Those who would want to know much more about the deeper nature and meaning of this thing called “Clinton’s America” should read Joe Sobran’s eloquent and discerning book, entitled HUSTLER, on “the Clinton Legacy.” For, it is this very “legacy,” at least in part, which the U.S. is now presuming to inflict upon other countries, often under the deceptive guise of progressive “globalism” or of “economies (and finance) without borders.” And, this includes the whole ideology of unrooted and restless neo-Liberal (and neo-Mandevillean) Capitalism (along with its oligarchical “chaos managers”).
In the longer light of history, how might (or how would) the Ancient Greeks have thought about this whole matter of “nation-building”? For example, after their unexpected victory over the arrogant Persian Empire (c. 490 B.C.) – after Marathon and Salamis – to what extent might the Athenian Democracy have then considered as a wise strategic policy their subsequent “nation-building” of the defeated Persians? Would the “vibrant” Athenian Democracy have believed that their own aggressive energy and love of freedom could have sufficiently (or at all) transformed the autocratic political culture of Persia? It would seem not. The “temptations of Empire” would come a little later, nonetheless, especially for the Athenians.
For, the Ancient Greeks, learning from their own grave mistakes, have also taught us so much about true tragedy and about “the tragic view of life,” to include the Athenian tragedy which resulted from their hubris in the Peloponnesian War (431 – 404 B.C.), as was so memorably depicted by Thucydides. (Perhaps, the greatest tragedy occurs – as in Sophocles’ Antigone – when a lesser good tramples out a greater good without ever knowing it, until it is too late !)
Even after the Greeks’ earlier exultant victory against the Persians, almost sixty years before their own tragic Peloponnesian War began, would the high leadership of the surprised and very vigorous Athenian victors have even dared to presume to re-build or transform the defeated Persian Empire? Or, would they have wisely and immediately considered this to be an act of self-destructive, overweening pride? lt is likely that they would not have been even so blind and foolish as to consider the theoretical possibility! In all likelihood, they would have practically considered such a policy or such a strategy to be an act of folly (ATË, in Greek – i.e., “blinding self-infatuation”) – or, an act of blinding self-aggrandizement (PLËONEXIA, in Greek) and a presumptuous “overreaching” (HUBRIS, in Greek).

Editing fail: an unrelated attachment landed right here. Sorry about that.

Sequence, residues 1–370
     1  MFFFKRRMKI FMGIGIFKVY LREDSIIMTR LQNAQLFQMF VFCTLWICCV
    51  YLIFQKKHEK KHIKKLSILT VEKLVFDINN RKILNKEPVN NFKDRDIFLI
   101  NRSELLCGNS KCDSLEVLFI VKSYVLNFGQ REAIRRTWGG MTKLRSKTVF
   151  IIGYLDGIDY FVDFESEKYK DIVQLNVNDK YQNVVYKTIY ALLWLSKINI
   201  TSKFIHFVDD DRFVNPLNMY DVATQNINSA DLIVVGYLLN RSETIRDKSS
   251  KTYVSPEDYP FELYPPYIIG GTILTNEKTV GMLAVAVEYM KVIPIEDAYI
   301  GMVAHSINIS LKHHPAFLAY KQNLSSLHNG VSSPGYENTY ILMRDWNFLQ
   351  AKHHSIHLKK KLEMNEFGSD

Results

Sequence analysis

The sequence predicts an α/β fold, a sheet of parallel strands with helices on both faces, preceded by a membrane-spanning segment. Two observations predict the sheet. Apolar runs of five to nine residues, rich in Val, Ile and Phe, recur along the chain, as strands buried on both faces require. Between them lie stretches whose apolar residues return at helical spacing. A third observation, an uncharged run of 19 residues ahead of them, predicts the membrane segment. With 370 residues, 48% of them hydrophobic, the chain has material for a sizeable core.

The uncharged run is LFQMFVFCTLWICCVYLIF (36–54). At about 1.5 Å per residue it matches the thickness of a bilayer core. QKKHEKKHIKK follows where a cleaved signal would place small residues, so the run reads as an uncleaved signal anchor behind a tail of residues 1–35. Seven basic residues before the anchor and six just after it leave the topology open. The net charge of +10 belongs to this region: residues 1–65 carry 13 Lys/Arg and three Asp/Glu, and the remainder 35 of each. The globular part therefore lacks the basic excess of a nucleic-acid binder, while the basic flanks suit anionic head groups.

Yet, it may have been possible, once again, that the restless Athenians would also have (even back in 490 B.C.) tragically succumbed to the seductive temptation to overreach themselves, as the conspicuously more arrogant Athenians later did in their “Sicilian Expedition” during the Peloponnesian War; especially after they had so unjustly, so cynically and self-blindingly destroyed the weak and vulnerable Melians on their little Island of Melos off the coast of Sparta; and even after General Nicias himself had later honorably and wisely tried to warn the Athenians against their over-extended and likely self-sabotaging military expedition!